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On the face of it, spotting rising talent and improving performance is easy.

Yet for many organizations, this is a complex and elusive quest. Martin Belton thinks some of the new business books may have hit upon why.

“Knowing what we don’t know is better than thinking we know what we don’t,” says Philip Tetlock in Superforecasting: The Art and Science of Prediction. This book was first published a couple of years ago. But it is now enjoying a new round of publicity which led me to its contents. This was a timely thought for me while I’ve been working on establishing our new model, the Talent Transformation Pyramid. More on that later because it’s also worth looking at the book’s underlying theme. That is, while most of us are quite poor at forecasting the future, there exists a small merry band who fare so much better than the rest of us. That cohort is far and few between. But statistics show it exists. The book goes on to reveal how these ‘superforecasters’ manage this.

Another popular business press read at present is Malcolm Gladwell’s latest, Talking to Strangers: what we should know about the People we don’t know. Interesting as always, Gladwell points out how bad we are at assessing strangers. In one observation, he cites the case of Judges assessing bail applicants in New York. They believed that face to face assessment was crucial. That was until a young researcher fed bare-bones information about applicants into a computer. It transpired the machine was superior to the judges at spotting re-offenders.

Misleading subjective assessments

I read them one after the other. I imagine that’s why I was struck by the similarities of their premises. The first similarity is hardly a revelation: both say that, when predicting future events, the more objective data you gather, the more chance you have of getting it right. But secondly, and more surprisingly, both point out how misleading subjective assessments can be and just how easy it is to be deceived and deceive oneself.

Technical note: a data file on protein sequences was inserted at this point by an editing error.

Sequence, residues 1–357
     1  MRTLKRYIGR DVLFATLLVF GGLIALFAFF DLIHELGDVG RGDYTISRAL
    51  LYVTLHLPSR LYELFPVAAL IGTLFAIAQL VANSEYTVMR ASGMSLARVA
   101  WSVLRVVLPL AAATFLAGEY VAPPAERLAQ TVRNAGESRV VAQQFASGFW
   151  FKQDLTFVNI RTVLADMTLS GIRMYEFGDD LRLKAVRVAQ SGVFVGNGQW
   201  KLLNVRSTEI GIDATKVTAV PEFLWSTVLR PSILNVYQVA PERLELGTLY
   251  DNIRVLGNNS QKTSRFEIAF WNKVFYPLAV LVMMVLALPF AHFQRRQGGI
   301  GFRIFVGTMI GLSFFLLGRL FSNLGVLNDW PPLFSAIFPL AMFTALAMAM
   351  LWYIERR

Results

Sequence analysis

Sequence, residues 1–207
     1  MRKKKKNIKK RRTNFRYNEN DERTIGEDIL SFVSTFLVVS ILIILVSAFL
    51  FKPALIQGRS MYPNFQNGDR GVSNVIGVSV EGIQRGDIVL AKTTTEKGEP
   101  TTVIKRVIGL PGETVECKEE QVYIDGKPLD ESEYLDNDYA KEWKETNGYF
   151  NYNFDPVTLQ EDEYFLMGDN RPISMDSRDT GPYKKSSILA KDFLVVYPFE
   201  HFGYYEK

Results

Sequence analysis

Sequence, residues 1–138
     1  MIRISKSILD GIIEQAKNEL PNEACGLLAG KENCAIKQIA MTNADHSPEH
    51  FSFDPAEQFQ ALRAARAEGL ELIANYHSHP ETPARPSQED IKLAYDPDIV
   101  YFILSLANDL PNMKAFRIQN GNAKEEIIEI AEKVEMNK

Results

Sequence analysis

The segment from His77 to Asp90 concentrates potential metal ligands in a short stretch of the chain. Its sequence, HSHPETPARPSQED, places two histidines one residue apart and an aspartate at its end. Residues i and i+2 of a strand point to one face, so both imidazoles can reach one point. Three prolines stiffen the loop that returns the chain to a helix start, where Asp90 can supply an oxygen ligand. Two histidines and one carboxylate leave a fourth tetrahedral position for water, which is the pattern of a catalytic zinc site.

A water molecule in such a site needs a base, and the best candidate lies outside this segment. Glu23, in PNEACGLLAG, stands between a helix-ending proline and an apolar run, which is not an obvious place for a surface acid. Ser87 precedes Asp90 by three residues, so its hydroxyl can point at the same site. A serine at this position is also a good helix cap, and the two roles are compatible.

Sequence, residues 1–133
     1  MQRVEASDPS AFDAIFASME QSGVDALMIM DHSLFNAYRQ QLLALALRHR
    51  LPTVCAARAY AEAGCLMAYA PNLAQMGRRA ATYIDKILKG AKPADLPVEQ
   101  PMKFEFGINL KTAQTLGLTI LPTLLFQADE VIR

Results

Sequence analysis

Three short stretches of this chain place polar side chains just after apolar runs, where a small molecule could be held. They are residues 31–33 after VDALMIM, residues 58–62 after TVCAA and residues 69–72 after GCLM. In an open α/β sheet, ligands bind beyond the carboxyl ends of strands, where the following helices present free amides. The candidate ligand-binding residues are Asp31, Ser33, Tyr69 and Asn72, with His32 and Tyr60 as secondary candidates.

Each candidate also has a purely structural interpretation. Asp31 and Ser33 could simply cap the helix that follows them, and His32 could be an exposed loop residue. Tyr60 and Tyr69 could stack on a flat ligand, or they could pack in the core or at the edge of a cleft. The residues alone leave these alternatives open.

Going back now to talent and performance measurement, it’s not hard to see how such issues matter. Gathering, applying, and managing data for these functions can be onerous. But without it, we're relying on subjective judgments. The Talent Transformation Pyramid model was created to enable us to counteract this. It provides a solid view of what we know, and what we don't know. Designer Eric Shepherd set out to address these issues after hundreds of conversations with professionals in the sector. They revealed the lack of a recognizable model that could pull together all the relevant factors that enable us to identify and grow talent.

12 separate factors

The Talent Transformation Pyramid recognizes as many as 12 separate factors to enable us to do that. It clarifies the relationships between those factors. That enables us to document them within competencies and group them into a competency model. The model helps us describe what is needed to be ready to deliver performance. If we are to create an effective talent and performance system, it is to this kind of detail we must turn.

Of course, the model also admits that it may not always be possible to gather all the data we would wish to. But as Tetlock noted ‘knowing what we don’t know can be useful as well. That alone can give us a far stronger platform to evaluate our Talent.